Krokus Blues
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Boy In The Boat Boy In The Boat
Rhythm Of Love Rhythm Of Love


DAVID WILCOX     (photo courtesy Stony Plain Records)

David Wilcox is a brilliant songwriter, a great singer, and one of the hottest guitar players in the world. He first made his name as a wild live performer and then as a first-rate recording artist whose work, from Out Of The Woods (1980) to his brand new release, Boy In The Boat (2007), stands the test of time.


After more than twenty-five years in the business including extensive touring, 5 gold or platinum albums, numerous awards, and fans everywhere its no stretch to say that David Wilcox deserves icon status. His life in music is the stuff of legend.


Wilcox discovered Elvis at age six, started picking guitar a couple of years later, and played his first gig to a room full of ex-convicts at age fourteen. A devoted acoustic fan, young David bought a second-hand Telecaster from a pawn shop on a whim and didnt even know how to turn on the amp when he auditioned for Ian & Sylvia. He got the gig anyway, and spent two and a half years in their band, The Great Speckled Bird, backing the likes of Anne Murray, Charlie Rich and Carl Perkins on Ians weekly TV Show.


David recalled one particular memory of that time: We were headlining at Carnegie Hall and the only instruments were two acoustic guitars, played by Ian and me. I had an exceptional night and Ian was kind enough to introduce me twice. Both times the audience response was really warm and appreciative. Although I knew that I hadnt arrived or whatever, it was a wonderful affirmation that I could have a career in music.


Wilcox led his first big-time band, David Wilcox And The Teddy Bears, in the mid 70s, hitting stages as a flashy character with an oversized waxed moustache, a baggy suit and a flower in his lapel. For the first time, he began performing original material. Over the years hes written an extremely broad variety of songs like Old Cats and Dont Let The Devil Take The Beat From The Lord.


In the early 80s, Wilcox shed the moustache and suit, truly hitting his stride. Wherever he played he left a trail of club and concertgoers whod danced, drank, clapped, stomped and shouted their way to a great time. With consistent radio play for his songs, audiences were soon calling out for Hot, Hot, Papa, Riverboat Fantasy and other classic favorites.


Wilcox became a huge phenomenon on the college circuit, playing more than 300 dates a year and earning awards from COCA (Canadian Organization of Campus Activities) for Entertainer Of The Year (1985) and Contemporary Music Recording Attraction (1987). He was later honored with membership in their Hall Of Fame. At the time he was the highest grossing campus performer in Canada.


During these years, David led a rather excessive lifestyle. On his first three EMI albums, Out Of The Woods (1980), My Eyes Keep Me In Trouble (1983), Bad Reputation (1984) he sang from experience about sex (The Grind), drugs (Riverboat Fantasy) and rock and roll (That Hypnotizin Boogie) and even documented the gossip fostered by such pursuits (Bad Apple and Bad Reputation).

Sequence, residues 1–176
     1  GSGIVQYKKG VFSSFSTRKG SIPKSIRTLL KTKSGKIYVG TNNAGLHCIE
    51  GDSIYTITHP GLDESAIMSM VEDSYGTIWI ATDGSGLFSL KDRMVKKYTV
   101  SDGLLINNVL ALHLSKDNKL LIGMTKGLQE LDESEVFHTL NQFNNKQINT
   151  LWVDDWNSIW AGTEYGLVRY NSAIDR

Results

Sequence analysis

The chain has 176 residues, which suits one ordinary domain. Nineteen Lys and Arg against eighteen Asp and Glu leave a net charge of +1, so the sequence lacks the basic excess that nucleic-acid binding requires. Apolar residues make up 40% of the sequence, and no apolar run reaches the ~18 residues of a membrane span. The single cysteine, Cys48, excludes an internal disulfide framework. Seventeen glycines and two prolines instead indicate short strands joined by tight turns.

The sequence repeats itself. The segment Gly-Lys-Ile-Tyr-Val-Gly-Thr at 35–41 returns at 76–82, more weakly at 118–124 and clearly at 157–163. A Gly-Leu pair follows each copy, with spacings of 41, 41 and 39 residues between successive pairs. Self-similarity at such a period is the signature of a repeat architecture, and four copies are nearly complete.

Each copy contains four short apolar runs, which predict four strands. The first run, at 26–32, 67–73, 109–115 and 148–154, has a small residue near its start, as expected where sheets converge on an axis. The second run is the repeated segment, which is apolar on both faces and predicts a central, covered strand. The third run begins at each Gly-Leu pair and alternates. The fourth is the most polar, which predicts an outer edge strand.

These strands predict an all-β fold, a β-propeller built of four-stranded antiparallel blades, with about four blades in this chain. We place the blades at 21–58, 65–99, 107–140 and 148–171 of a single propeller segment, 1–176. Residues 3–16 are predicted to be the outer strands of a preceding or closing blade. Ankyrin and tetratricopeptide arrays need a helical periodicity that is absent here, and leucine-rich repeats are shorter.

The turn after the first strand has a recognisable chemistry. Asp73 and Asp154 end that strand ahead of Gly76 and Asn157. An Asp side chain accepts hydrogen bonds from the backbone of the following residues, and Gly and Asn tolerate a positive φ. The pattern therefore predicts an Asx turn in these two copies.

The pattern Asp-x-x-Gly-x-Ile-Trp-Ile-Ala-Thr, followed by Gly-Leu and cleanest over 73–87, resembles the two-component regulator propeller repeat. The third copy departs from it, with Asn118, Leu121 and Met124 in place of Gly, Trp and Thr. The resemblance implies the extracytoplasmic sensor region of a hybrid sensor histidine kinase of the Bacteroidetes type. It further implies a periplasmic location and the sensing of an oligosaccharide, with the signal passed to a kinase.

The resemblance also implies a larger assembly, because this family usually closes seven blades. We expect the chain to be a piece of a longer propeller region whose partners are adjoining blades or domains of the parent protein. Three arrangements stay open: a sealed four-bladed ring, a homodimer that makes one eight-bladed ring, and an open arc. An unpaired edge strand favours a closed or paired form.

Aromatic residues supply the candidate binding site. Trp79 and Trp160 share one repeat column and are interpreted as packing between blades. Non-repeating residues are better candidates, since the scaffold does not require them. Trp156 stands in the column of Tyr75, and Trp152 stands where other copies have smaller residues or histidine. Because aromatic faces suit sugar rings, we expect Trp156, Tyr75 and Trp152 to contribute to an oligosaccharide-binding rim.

In the late 80s Wilcox continued to develop as a recording artist, moving from his gritty, live-in-the-studio roots to more produced synthesizer-anddrum program modern rock. The albums from this era, Breakfast At The Circus (1987), The Natural Edge (1989) are stylish and textured but the songs shine through as well as ever. The witty double-entendres of Layin Pipe, the sad requiem of The Song He Never Wrote, Lay Down In Your Arms are key examples. Thirteen Songs, released in 1996, featured acoustic-based music played with a small band. Wilcox embraced everything from sax-and-organ jazz (Rainy Night Saloon) to country storytelling (Shotgun City) to deep blues (Three Past Midnight). Not to mention God Is On A Bender which may be one of the best songs he has ever done, period.


The year 2000 found David recording Rhythm Of Love, for Stony Plain Records of Edmonton a CD that reflected the compelling, hard-rocking sound of his first electric bands. I Need A Vice is a clever, sharply observed confession; High-Water Rising a beautiful soul ballad with some subtle, irresistible guitar work, and Rhythm Of Love is a percolating shuffle.


In 2003 Stony Plain issued a great compilation CD titled Rockin The Boogie; Best of Blues And Boogie. Apart from featuring some new tracks, such as the aptly titled Cant Stop Rockin the CD focused on Wilcoxs blues-and-boogie side. Canadas Olympic gold-medal winning skaters, Sal and Pelletier, have frequently used the title track for one of their most popular routines.


With the release of Davids new CD, Boy In The Boat his music has come full circle. Its a daring mix of diverse roots influences coupled with his remarkable style. The result? Something not only original but steeped in the raw funky tradition his fans have come to know and love. Tough but soulful; cool but passionate the music keeps growing without losing its fiery edge.


I wanted to make a record as freely as possible. My first albums were done with no adult supervision; no concerns with current trends or marketing, just a group of people making music for the pure joy of it. With this one, we took that approach. Wilcox goes on to recall: There is an afternoon Ill always remember when I was a child me and my little red Motorola radio. In the basement, if they played a record by a male singer I pretended it was me. If the singer was a woman I pretended I was the guitar player. Little did I know that Id be blessed with a career in music! Years later that memory sustains me, keeping my pure love of music alive. If I ever start feeling jaded or pressured to conform, that kid lost in the music brings me back to myself.


Boy In The Boat is a superb new recording from a truly original artist. Check it out!



   STONY PLAIN Recording Co. Ltd.